The president of New England’s largest generator association is warning of a looming “tipping point” unless regulators in the region reverse course.
Dan Dolan, the president of the New England Power Generators Association, is calling on policy makers to bring back market competition into the region’s electricity generation industry, warning that rampant government regulations and subsidies will ultimately affect grid reliability and consumer costs.
“On the current trajectory, the state of the New England electricity market will rapidly worsen, requiring further out-of-market actions to adequately compensate generators in order to preserve grid reliability,” Dolan cautioned in a Wednesday op-ed for Utility Dive. “State subsidies will beget reliability subsidies, driving consumer costs ever higher and doing away with future market-based investments for new or existing power generation.”
The New England Power Generators Association (NEPGA) is certainly immersed in the Northeast’s utility industry. NEPGA members own and operate more than 100 power plants in the six-state region, making up 84 percent of New England’s total generation capacity. Their fuel mix includes a wide range of different sources, including natural gas, oil, coal, nuclear, hydro and wind — all of which are subject to market intervention.
This is not the first time New England’s electricity market has been criticized.
Gordon van Welie, the president of ISO New England, in February warned of rolling blackouts because of growing fuel security issues. Robert Powelson, a member of the Federal Energy Regulatory Commission at the time, said in April that rising electricity prices and the prospect of rolling blackouts in the region were “like a horror story.”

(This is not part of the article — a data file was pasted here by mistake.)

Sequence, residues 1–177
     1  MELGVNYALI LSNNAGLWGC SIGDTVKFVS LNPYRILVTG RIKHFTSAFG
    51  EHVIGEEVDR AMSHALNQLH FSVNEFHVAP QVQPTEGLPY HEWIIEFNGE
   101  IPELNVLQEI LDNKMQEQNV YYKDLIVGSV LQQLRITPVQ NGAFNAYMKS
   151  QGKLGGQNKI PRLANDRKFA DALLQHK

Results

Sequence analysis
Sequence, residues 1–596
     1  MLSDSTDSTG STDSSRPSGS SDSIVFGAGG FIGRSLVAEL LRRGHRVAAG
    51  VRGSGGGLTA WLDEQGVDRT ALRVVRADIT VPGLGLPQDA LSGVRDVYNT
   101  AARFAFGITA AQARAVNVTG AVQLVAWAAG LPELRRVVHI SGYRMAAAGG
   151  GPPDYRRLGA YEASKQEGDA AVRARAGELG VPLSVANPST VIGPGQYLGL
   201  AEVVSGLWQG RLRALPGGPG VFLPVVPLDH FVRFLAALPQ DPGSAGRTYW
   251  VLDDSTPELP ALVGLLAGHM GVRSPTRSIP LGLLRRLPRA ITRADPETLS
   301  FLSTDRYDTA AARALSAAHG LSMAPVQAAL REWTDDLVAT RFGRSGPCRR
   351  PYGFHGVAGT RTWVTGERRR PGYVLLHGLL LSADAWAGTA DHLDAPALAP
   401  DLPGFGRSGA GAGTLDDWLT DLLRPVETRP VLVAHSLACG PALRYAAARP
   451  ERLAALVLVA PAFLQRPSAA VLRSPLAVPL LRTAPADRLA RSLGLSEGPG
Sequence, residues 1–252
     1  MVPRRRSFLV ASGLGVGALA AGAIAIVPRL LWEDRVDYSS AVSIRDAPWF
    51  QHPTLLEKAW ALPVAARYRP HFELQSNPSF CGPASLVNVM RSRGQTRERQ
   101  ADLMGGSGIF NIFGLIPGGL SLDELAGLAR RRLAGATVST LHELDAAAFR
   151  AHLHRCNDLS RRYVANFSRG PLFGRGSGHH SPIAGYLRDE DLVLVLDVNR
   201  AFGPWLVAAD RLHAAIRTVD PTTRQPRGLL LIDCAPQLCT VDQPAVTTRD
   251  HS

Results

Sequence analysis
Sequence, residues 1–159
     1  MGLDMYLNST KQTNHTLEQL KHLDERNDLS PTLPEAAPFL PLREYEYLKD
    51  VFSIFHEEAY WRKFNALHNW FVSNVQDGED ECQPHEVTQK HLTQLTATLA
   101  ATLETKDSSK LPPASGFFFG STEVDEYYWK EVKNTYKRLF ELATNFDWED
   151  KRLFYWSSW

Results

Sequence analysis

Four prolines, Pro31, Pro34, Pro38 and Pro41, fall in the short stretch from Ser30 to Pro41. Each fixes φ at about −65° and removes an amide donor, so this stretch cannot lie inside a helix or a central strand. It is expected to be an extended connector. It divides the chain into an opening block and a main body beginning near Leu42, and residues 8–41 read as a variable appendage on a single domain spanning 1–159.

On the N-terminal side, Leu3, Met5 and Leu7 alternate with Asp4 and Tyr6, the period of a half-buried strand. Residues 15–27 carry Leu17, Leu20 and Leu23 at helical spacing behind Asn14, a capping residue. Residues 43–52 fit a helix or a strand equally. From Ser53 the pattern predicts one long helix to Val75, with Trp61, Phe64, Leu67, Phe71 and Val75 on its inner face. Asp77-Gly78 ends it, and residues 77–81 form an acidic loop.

Residents in the six-state region that make up New England consistently pay higher rates for electricity than their peers in the rest of the U.S. As a progressive enclave, regulators in the Northeast have prioritized emission reductions with renewable energy mandates, subsidies and fossil fuel regulations.
NEPGA is calling on ISO New England — the region’s regulating body for electricity generators and providers — and other regulators to revitalize the market structure, allowing competition to play a greater role in setting the price of energy while ensuring enough electricity is being supplied to customers. (RELATED: Every State In New England Is Reconsidering Their Subsidies To Solar Power)
“The choice is straight-forward: maintain reliability through a game of chicken — with plants announcing retirement only to be handed cost-of-service contracts to keep them around — or ensure opportunities for facilities to competitively bid against each other to supply needed electricity services,” Dolan continued.
NEPGA did not respond to a request for comment from The Daily Caller News Foundation in time for publication.
This article originally appeared in The Daily Caller